It seems earth-shattering that a Republican would discuss such a hot potato that ranks almost as high as healthcare among lesser-discussed GOP issues, but I’m going to try.
Now I won’t come out and say that I’m a “environmentalist Republican.” Besides, some would say that term is an oxymoron. However, I definitely believe there are reasonable solutions to the energy crisis that faces this country. With two major GOP oil figures heading up the executive branch of our country, I can see why many people have written off the Republican party as a source for answers to energy and the environment.
So let me take a chance to see if I can come up with some ideas that everyone can at least tolerate.
We are an oil-crazed culture. There’s no denying it. We use oil in everything from plastics to gasoline. Are we addicted? Maybe. But I’d rather use a different word: reliant.
Gas prices are higher than ever before (even though, when adjusted by inflation they are actually comparable to that of the 1970’s). The days of $1.00/gallon for gasoline seem to be over.
We keep using petroleum, which is a non-renewable resource, and there’s a chance we’ll eventually run out of it altogether. I don’t know how soon that would be, but it could very well happen. To avoid that we need to switch to renewable alternative energy sources.
Now, I suggest a comprehensive strategy when it comes to energy. First, the government should encourage the development of ethanol from sugarcane and sugarbeets. The U.S. Government once paid farmers not to grow corn and now that we “need” it for ethanol and everything else corn is used for, corn is now inflated. So along with corn, we should also find other sources for ethanol.
We have to understand that oil is not necessarily the complete problem in and of itself, but we’re overly dependent on foreign sources. If we drill in ANWR and other places within U.S. Territory, we can make ourselves self-sufficient on oil. Of course we want to be completely free from oil someday, but we have to face the fact that it’s a long way down the road.
The government must work with automobile manufacturers and the oil companies to produce products that consume less gasoline. If somehow every auto manufacturer began producing hybrid versions of the cars they already have and reduce production of they gas guzzlers they currently make, demand for gasoline would decrease, thus decreasing the price of gas. If the government simply decides to legislate it’s way out of it and force oil companies to do things their way, the cost will be distributed to the average citizen, placing the burden on them. Encouragement is the key, not force.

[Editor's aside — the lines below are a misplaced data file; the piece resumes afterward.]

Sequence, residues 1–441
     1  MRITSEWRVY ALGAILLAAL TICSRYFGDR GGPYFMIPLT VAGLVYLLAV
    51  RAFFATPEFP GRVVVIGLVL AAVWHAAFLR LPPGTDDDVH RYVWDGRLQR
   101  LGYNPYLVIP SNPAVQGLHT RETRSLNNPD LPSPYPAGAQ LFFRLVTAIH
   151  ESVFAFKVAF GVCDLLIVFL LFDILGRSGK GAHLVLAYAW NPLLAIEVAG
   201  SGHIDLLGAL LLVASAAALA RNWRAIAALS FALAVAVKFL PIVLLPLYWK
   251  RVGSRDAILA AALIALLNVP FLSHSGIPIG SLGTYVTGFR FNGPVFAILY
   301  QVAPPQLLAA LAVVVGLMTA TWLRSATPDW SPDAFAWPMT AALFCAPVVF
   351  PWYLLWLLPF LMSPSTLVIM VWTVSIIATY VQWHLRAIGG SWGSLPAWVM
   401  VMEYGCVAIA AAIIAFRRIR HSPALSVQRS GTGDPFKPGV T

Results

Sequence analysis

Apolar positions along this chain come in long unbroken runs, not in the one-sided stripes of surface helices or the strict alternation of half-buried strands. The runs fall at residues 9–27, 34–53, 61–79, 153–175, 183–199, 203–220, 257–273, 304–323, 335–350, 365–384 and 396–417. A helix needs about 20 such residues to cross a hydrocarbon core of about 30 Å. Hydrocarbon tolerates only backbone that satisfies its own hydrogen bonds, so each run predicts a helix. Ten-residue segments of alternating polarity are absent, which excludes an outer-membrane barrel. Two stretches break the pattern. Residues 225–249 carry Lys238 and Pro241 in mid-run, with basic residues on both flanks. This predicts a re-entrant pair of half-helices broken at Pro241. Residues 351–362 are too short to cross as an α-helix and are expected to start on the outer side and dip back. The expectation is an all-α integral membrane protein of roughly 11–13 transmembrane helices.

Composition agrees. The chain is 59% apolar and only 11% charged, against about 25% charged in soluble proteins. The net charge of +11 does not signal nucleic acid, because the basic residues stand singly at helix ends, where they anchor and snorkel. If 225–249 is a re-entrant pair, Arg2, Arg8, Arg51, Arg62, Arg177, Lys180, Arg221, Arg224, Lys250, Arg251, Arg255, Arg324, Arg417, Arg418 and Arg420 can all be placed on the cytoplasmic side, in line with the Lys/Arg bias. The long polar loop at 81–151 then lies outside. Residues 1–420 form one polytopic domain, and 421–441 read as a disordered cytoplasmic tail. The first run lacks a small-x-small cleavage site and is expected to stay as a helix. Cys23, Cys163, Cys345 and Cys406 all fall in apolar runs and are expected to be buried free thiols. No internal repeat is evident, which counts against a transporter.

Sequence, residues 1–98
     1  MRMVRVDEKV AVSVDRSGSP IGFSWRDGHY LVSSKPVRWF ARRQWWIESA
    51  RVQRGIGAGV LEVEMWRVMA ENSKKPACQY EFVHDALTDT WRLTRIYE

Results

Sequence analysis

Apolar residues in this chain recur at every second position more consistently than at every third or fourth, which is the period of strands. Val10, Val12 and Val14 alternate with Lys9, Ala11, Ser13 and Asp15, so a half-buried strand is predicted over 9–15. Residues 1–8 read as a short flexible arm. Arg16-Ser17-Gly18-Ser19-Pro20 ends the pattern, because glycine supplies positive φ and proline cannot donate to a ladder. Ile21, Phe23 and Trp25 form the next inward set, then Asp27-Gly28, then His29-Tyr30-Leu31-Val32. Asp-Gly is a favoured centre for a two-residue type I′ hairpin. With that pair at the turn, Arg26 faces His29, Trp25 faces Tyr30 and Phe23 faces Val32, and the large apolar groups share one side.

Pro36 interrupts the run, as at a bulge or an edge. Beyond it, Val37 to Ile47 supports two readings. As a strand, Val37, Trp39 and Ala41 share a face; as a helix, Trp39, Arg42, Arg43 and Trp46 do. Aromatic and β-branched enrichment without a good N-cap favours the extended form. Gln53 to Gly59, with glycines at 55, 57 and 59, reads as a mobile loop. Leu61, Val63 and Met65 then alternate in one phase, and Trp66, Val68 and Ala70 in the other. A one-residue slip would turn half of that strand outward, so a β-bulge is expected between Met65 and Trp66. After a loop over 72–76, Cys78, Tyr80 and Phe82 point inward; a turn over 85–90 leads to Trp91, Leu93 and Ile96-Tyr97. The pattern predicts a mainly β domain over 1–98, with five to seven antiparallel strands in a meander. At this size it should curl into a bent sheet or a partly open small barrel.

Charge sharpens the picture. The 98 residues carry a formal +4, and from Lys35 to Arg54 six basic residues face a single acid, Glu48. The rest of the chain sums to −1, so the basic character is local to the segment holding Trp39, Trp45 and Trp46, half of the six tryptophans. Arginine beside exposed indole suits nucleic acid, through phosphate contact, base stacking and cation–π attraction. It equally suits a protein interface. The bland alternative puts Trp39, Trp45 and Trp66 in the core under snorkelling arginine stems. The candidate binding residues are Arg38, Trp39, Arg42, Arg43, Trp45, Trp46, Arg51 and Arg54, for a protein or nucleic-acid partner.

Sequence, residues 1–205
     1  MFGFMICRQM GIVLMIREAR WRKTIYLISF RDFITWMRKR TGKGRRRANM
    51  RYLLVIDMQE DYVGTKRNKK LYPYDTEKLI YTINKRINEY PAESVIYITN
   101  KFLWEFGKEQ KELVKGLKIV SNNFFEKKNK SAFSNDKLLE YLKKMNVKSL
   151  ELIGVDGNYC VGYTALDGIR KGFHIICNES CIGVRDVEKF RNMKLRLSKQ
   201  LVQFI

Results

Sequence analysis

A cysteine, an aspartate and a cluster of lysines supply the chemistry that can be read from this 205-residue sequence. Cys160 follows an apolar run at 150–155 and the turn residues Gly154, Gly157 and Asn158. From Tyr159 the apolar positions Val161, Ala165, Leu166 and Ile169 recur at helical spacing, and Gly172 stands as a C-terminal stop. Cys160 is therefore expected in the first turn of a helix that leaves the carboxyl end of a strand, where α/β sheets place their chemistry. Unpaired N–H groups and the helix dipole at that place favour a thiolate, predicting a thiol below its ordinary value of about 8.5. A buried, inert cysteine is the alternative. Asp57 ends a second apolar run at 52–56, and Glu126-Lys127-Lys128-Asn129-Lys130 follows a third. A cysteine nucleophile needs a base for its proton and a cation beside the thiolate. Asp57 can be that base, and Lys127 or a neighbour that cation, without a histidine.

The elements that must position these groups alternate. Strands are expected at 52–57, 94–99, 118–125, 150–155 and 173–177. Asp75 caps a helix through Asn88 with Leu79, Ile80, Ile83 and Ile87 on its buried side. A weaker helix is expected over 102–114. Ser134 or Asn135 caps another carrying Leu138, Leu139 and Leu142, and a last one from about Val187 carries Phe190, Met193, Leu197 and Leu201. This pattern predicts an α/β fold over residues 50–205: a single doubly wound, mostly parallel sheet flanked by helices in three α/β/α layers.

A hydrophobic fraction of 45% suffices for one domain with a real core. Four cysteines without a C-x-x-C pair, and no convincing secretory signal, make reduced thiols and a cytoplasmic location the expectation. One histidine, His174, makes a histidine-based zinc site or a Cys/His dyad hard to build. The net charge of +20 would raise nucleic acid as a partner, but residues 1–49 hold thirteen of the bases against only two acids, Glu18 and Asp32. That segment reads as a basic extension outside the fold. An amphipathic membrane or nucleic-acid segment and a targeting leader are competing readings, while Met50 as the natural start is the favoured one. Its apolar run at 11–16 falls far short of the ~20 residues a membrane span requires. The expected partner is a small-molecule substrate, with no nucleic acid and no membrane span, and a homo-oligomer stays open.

Solar and wind energy must be improved and expanded as well. I wonder how far away “hybrid houses” are. They may already be here. If so, I’d be extremely interested.
So here’s our objectives: we have to avoid even higher gas prices, decrease foreign dependency, avoid higher taxes, and avoid more government control. How can we do that?
As I said before, private organizations need to be encouraged or coaxed into developing these alternative sources of energy, not forced. This can all be done in a reasonable, economical, and feasible manner by introducing major tax incentives and government grants. But going to extremes like the Democrats want, or maintaining the status quo like some Republicans want is not the answer.
Conservatives much actually embrace the term “conservative” when it comes to energy. We have to find ways to conserve the energy we have. It’s not unreasonable to turn the lights off when we aren’t using them and things like that. We need to be practical about energy. I know I’ll probably get slammed by hardcore environmentalists and oil-crazed conseratives alike, but I hope you will consider these suggestions with an open mind.